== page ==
While Vibram has acknowledged their adverts were somewhat misleading, I cannot in all conscience put in a request for a refund based on those claims. I LOVE my VFFs and even purchased another pair after the announcement of a possible refund.

The shoes just WORK for me. I have never had a better pair for hiking and walking. Not to mention all the people who took pictures of my VFFs in rural communities around the world!

"I have never looked back." From a male runner—I'm ID'ing people this way just so you know who's weighing in:

I have been running regularly for 10 years, but after reading Christopher McDougall's Born to Run soon after it came out, I tried Vibram Five Fingers -- and have never looked back.

As you noted, the shoes taught to me run on the balls of my feet (which I had never done before), and now (at 67), I am still free of the bone and muscle ailments that my siblings and friends seem to all suffer from, I was very glad to see your defense of Vibram. 

"Burn it to earn it." From a male runner on the West Coast who was able to shift his style. 

I think the lawsuit reflects a failing of marketing rather than a failing of the product. Too many people bought the shoes on the basis of hype without considering their own running style.

My own running experiences reflect the same kind of transformation of style that is necessitated by a switch to finger shoes. I had been running in big, cushy stability shoes and getting shin splints. I switched my gait from a heel strike to a mid-to-forefoot strike and went to a near-minimal shoe. No more shin splints.

I’m glad to hear you’re a runner as well as a beer aficionado, as I am myself. Beer always tastes better when you work up a thirst. Burn it to earn it, eh?

That is all. My sympathies to those in the syndactyly community. I am sorry to have given you a fright. 

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James Fallows is a national correspondent for The Atlantic and has written for the magazine since the late 1970s. He has reported extensively from outside the United States and once worked as President Carter's chief speechwriter. His latest book is China Airborne. More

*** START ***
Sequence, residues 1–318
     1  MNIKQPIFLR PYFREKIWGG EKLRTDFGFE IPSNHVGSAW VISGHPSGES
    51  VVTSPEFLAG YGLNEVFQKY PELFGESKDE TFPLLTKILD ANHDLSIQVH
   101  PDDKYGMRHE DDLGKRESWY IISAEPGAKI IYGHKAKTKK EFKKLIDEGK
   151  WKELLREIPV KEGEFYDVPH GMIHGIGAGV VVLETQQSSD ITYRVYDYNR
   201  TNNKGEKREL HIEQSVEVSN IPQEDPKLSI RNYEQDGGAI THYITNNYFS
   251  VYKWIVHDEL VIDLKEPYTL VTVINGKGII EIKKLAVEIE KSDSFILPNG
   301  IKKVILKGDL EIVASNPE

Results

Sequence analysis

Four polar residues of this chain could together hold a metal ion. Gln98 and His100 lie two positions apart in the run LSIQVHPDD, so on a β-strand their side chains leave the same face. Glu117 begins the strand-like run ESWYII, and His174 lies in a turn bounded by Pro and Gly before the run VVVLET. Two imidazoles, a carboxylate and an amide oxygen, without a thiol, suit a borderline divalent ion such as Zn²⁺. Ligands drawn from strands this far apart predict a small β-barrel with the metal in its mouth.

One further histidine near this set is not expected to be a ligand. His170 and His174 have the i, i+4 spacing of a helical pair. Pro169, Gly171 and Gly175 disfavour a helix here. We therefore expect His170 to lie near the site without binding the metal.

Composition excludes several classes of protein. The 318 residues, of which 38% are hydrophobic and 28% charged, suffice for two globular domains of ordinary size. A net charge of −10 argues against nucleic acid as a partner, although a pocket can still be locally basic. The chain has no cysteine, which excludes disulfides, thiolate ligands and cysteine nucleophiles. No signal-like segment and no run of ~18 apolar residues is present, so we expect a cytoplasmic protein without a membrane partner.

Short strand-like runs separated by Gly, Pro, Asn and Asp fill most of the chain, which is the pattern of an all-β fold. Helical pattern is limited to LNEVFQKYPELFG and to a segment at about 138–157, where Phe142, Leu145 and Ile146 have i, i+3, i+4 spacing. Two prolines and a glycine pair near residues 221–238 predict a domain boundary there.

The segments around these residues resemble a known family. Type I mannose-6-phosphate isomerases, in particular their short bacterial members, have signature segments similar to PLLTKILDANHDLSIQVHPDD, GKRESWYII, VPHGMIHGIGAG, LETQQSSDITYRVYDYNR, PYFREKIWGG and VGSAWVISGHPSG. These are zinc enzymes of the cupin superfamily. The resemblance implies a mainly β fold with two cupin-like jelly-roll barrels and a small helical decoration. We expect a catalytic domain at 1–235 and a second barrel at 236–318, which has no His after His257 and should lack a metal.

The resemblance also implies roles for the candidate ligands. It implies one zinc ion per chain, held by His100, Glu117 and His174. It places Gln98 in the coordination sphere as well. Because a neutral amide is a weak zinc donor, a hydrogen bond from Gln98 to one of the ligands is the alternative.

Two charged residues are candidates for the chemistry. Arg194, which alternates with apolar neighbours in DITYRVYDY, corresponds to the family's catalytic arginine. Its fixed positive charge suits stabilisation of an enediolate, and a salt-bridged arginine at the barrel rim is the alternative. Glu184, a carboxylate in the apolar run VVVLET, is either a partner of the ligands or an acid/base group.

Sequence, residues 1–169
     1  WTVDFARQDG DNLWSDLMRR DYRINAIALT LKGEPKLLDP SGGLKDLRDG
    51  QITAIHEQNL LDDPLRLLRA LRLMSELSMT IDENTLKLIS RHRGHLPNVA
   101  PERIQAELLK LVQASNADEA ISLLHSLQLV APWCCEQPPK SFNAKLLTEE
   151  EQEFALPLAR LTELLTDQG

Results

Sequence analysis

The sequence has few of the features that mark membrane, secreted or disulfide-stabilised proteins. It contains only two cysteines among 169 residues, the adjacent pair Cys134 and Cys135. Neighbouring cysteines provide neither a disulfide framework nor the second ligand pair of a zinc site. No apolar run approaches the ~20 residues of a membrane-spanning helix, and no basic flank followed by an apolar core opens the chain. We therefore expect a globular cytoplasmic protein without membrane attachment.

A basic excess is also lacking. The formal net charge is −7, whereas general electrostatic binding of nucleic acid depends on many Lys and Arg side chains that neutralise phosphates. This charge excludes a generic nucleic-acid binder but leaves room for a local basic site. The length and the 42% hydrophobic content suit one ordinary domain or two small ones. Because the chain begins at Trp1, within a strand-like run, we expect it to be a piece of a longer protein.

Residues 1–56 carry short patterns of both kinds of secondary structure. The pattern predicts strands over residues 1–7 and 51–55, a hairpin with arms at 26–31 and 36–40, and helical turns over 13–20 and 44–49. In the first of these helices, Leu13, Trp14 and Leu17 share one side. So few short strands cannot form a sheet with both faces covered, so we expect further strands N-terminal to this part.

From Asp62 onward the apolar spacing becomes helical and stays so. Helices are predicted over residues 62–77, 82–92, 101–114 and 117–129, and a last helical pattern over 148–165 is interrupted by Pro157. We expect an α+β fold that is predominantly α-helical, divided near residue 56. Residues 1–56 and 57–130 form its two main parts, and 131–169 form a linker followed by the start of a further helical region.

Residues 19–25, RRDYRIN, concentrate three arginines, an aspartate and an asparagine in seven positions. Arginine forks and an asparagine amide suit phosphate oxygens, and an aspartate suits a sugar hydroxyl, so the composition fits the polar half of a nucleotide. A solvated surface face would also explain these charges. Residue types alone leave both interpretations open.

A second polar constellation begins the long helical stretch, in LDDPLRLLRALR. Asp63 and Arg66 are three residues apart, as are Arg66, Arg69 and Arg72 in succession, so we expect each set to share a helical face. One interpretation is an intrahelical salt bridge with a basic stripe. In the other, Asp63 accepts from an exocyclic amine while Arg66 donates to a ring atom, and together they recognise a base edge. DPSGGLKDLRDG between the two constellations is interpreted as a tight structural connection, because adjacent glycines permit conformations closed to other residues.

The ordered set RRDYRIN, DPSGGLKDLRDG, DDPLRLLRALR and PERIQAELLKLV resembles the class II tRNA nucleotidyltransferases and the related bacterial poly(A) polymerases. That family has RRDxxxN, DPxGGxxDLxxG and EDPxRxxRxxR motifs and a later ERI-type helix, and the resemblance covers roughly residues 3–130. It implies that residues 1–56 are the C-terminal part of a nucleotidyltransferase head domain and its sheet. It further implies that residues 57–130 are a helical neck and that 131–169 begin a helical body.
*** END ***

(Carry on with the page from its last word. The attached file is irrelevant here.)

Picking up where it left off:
James Fallows is based in Washington as a national correspondent for The Atlantic. He has worked for the magazine for nearly 30 years and in that time has also lived in Seattle, Berkeley, Austin, Tokyo, Kuala Lumpur, Shanghai, and Beijing. He was raised in Redlands, California, received his undergraduate degree in American history and literature from Harvard, and received a graduate degree in economics from Oxford as a Rhodes scholar. In addition to working for The Atlantic, he has spent two years as chief White House speechwriter for Jimmy Carter, two years as the editor of US News & World Report, and six months as a program designer at Microsoft. He is an instrument-rated private pilot. He is also now the chair in U.S. media at the U.S. Studies Centre at the University of Sydney, in Australia.

Fallows has been a finalist for the National Magazine Award five times and has won once; he has also won the American Book Award for nonfiction and a N.Y. Emmy award for the documentary series Doing Business in China. He was the founding chairman of the New America Foundation. His recent books Blind Into Baghdad (2006) and Postcards From Tomorrow Square (2009) are based on his writings for The Atlantic. His latest book is China Airborne. He is married to Deborah Fallows, author of the recent book Dreaming in Chinese. They have two married sons.

Fallows welcomes and frequently quotes from reader mail sent via the "Email" button below. Unless you specify otherwise, we consider any incoming mail available for possible quotation -- but not with the sender's real name unless you explicitly state that it may be used. If you are wondering why Fallows does not use a "Comments" field below his posts, please see previous explanations here and here.